The Cloud Security Alliance's 'Treacherous Twelve' cloud security risks include twelve risks ranked in order of perceived severity by developers and IT managers. The organization attributed the risks to the shared, on-demand nature of cloud computing—yet most of them are easily preventable.
The Cloud Security Alliance is a not-for-profit organization that periodically publishes guidance relating to common cloud security risks. The organization published its Treacherous Twelve cloud security risks based on the opinions of hundreds of developers and IT managers from across various industries in the United States and the rest of the world.
The list of risks contains what many cloud experts would expect, a selection of issues attributable to a lack of cloud security best practices and adequate governance. There’s also a fair amount of duplication in the list to the extent that, for example, ‘Weak Identity, Credential, and Management’ could be responsible for as many as six other items on the list.
The full list of risks, ranked in order of perceived severity, are:
- Data Breaches
- Weak Identity, Credential, and Access Management
- Insecure APIs
- System and Application Vulnerabilities
- Account Hijacking
- Malicious Insiders
- Advanced Persistent Threats (APTs)
- Data Loss
- Insufficient Due Diligence
- Abuse and Nefarious Use of Cloud Services
- Denial of Service
- Shared Technology Vulnerabilities
Most cloud security risks are preventable
The cloud is inherently secure. Indeed, Cloud Service Providers do a better job of protecting their data centers than most organizations ever did of protecting their on-premises infrastructures. So, why is it that cloud security is such a big issue? Part of the problem is organizations failing to understand their obligations under providers’ shared responsibility models, while others understand their obligations, but fail to fulfill them.
The failure of organizations to take responsibility for security in the cloud isn’t necessarily deliberate. Some organizations lack the knowledge of how to take responsibility. Others have the knowledge but lack the skills. Some have gone as far as conducting a risk assessment and deciding that the effort and cost required to mitigate their cloud security risks outweigh the likelihood of the risk occurring and potential impact on the organization.
However, most of the cloud security risks listed above could be easily prevented with strong access controls, encryption, and app-centric cloud governance. These measures aren’t complicated to implement and only have a limited impact on performance. Consequently, organizations lacking the knowledge, skills, or incentive to secure their cloud environments can address their cloud security risks with minimal disruption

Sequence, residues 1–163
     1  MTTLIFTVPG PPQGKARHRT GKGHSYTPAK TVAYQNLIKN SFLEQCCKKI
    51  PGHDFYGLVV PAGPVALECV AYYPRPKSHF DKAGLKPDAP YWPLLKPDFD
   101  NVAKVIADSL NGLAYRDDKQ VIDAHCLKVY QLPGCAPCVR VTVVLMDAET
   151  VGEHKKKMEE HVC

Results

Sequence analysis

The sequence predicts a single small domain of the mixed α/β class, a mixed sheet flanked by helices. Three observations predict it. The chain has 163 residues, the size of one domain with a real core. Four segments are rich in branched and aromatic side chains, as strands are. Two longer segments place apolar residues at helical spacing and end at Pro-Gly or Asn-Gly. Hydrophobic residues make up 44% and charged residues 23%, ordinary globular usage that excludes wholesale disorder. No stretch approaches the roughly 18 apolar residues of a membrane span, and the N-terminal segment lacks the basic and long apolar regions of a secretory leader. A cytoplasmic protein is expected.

Access controls, encryption, and governance
Addressing Cloud Security Risks with Access Controls
If you believe your organization has adequate access controls, think again. Unless all your users have multi-factor authentication and all your devices have automatic log-off, your cloud infrastructure is at risk from any user interacting with a phishing email or any malicious insider prying on an unattended workstation. Implementing these measures results in a few seconds more to log-in, yet few organizations use both in order to protect their infrastructures from unauthorized access.
Addressing Cloud Security Risks with Encryption
It used to be the case that organizations that encrypted everything suffered from a significant loss of performance. Now, due to the more powerful, latest generation services, performance loss due to encryption is minimal. Nonetheless, organizations that want to ensure the end-user experience is unaffected by encryption can use tagging to encrypt sensitive data and ensure it’s maintained in a secure environment, and useless to anybody who accesses it without authorization.
Addressing Cloud Security Risks with App-Centric Governance
The term cloud governance usually applies to the rules governing an entire organization’s operations in the cloud. However, it can also be applied to individual applications in order to create granular-scale governance rules for cost, performance, and security. App-centric cloud governance is an effective way of preventing Advanced Persistent Threats and hackers moving laterally through your network. It can also prevent the duplication of misconfigurations and insecure APIs.
How CloudHealth can help identify cloud security risks
CloudHealth’s policy engine be used to help monitor your organization’s cloud around the clock to identify potential cloud security risks. For example, you can leverage the default CloudHealth security policy to be notified of violations such as when an account has multi-factor authentication disabled.
The CloudHealth Security Violation Report can also identify publicly-accessible storage volumes and alert you to security vulnerabilities such as unauthorized open ports. In addition to the security functionality, CloudHealth can also execute governance functions like terminating assets launched outside a U.S. region.